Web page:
The more I travel around the world, the less surprised I am when I find a local connection.
|Glenveagh Castle in Northern Ireland|
In Northern Ireland we found a connection to my home state of Texas at Glenveagh National Park and Castle located in the heart of the Derryveagh Mountains.
During a tour of the Visitor Center, we learned that John George Adair was born in Ireland but made his fortune at his ranch in the Palo Duro area in the panhandle of Texas.
As we enjoyed lunch in the outdoor courtyard listening to two accordion players serenade visitors with local tunes, I marveled at how small our world seems at times. We sampled a variety of foods, including delicious desserts, sandwiches, quiches, soups, salads, and rolls, still made in the original castle kitchen. Best of all, the sunshine made for a glorious afternoon, perfect for strolling thru the lush landscaping.
Set in the remote wilderness of rugged mountains and pristine lakes in northwest County Donegal, Glenveagh Castle and Gardens have a timeless beauty. It's easy to understand how Adair fell in love with the property when he first saw it in 1857. After adair married in 1867 he built Glenveagh Castle, inspired by Balmoral Castle, Queen Victoria’s Scottish summer home, on a promontory out over the lake.
When he came, there were no trees, just 40,000 acres of open land. Now the estate is full of pine trees and gardens. Colorful blooms and green foliage soften the stark lines and gray roughness of the stone from which the castle was constructed. The local stone was hard to carve, so that the exterior finish is somewhat rough.
|Red is a prominent color in the castle decor|
After Adair died in 1885, his widow improved the grounds, gave parties, and provided employment for local residents. She enjoyed entertaining local people and sponsored deer hunts on the grounds. The deer theme is central to house décor and can be found on china and in many paintings. A “leaping deer” design is featured on one of the 21 different sets of china.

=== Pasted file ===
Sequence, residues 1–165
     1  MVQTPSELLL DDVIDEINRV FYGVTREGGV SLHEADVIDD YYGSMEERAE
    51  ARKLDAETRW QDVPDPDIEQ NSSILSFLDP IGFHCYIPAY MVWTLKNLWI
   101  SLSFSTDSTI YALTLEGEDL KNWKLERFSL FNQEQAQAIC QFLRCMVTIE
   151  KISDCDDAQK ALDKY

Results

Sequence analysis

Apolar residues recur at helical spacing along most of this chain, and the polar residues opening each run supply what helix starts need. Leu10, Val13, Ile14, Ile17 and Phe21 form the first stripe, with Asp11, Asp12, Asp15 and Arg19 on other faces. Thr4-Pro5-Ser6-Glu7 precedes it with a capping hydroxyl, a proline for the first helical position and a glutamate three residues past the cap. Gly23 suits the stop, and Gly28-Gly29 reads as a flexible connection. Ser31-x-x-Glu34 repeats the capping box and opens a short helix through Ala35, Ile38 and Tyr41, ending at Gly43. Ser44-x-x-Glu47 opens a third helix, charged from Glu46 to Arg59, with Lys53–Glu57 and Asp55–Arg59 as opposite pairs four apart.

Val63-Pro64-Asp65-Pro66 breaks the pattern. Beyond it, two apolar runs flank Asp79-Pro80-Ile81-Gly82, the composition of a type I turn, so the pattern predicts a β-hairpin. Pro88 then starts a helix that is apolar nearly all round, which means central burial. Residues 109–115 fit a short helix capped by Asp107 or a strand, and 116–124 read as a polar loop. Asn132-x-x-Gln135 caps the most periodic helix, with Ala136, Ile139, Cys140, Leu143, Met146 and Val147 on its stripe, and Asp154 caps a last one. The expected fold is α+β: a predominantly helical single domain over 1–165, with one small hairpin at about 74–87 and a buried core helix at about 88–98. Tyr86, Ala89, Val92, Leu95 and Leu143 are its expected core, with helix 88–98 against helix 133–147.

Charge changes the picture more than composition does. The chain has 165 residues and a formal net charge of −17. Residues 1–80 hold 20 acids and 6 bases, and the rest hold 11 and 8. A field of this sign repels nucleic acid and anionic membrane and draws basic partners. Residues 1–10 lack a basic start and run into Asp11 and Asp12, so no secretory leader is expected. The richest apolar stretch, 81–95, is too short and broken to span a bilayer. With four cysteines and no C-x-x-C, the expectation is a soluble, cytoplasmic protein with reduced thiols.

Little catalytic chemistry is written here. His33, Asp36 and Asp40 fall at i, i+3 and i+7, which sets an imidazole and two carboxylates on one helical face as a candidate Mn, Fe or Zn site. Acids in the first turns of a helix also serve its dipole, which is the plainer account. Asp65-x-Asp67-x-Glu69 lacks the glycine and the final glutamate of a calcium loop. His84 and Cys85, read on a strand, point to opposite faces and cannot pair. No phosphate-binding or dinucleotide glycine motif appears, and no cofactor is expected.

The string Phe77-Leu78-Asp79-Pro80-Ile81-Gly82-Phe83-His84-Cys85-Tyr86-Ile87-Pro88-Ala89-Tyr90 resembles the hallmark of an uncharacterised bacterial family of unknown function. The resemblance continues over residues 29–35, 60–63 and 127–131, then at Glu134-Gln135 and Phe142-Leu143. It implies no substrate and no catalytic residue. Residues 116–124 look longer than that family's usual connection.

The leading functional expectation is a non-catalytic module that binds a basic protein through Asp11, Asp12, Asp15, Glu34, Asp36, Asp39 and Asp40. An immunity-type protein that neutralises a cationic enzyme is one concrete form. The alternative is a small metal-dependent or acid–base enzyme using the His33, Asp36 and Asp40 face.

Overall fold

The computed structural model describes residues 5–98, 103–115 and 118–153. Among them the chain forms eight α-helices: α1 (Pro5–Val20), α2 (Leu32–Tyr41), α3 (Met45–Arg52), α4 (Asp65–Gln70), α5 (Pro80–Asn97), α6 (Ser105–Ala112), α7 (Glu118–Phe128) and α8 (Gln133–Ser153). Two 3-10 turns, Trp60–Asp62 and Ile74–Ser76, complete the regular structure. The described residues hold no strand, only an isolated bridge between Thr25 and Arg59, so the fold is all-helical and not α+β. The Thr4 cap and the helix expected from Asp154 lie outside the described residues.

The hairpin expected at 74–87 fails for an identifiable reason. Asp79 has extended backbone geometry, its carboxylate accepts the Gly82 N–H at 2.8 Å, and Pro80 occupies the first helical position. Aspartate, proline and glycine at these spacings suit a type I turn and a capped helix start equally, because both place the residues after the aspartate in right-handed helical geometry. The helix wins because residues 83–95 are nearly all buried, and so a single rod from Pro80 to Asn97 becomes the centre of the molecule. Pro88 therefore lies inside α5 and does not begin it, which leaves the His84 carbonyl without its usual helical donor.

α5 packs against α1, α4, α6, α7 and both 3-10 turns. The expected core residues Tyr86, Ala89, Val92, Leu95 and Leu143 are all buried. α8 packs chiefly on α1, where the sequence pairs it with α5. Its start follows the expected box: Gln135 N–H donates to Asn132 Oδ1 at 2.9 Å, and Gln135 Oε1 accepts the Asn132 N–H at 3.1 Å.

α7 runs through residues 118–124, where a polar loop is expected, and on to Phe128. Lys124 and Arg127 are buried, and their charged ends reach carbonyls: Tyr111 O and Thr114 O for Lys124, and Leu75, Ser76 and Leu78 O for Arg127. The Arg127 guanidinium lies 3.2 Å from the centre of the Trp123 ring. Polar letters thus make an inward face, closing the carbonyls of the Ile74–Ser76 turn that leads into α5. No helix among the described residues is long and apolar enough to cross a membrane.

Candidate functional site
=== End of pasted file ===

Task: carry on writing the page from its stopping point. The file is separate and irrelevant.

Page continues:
Belgian refugees were housed in 11 bedrooms at the castle after WWI. Arthur Kingsley Porter bought the castle in the 1920s, and American university professor HenryMcIlhenny bought the property in 1937. Fascinated by Irish architecture, he owned Glenveagh till 1983 during which time he restored the castle and grew Tuscan-style gardens.
Two large eagles guard the entrance to the castle area. Shell designs on walls; deer heads; many wildlife paintings, some depicting death; furniture and accessories remain just as when McIlhenny lived there. Bold red wallpaper and cloth wall coverings hide imperfections in the walls. 72 vases are all filled with fresh flowers daily from surrounding gardens.
|Flowers bloom in the garden|
In 1975 McIlhenny sold the property to the state as a national park, and it opened in 1994 to the public. During his ownership the estate good records of all the plants grown there were maintained much like a botanic garden. Heritage plants are preserved in the extensive formal gardens, and many paths wander through woodland areas with open spaces overlooking a beautiful lake. Purple, pink, white, and yellow blossoms from ankle level to tree tops provide natural embellishment--and reminiscences of wonderful southern gardens in the U.S.
Photos by Larry and Beverly Burmeier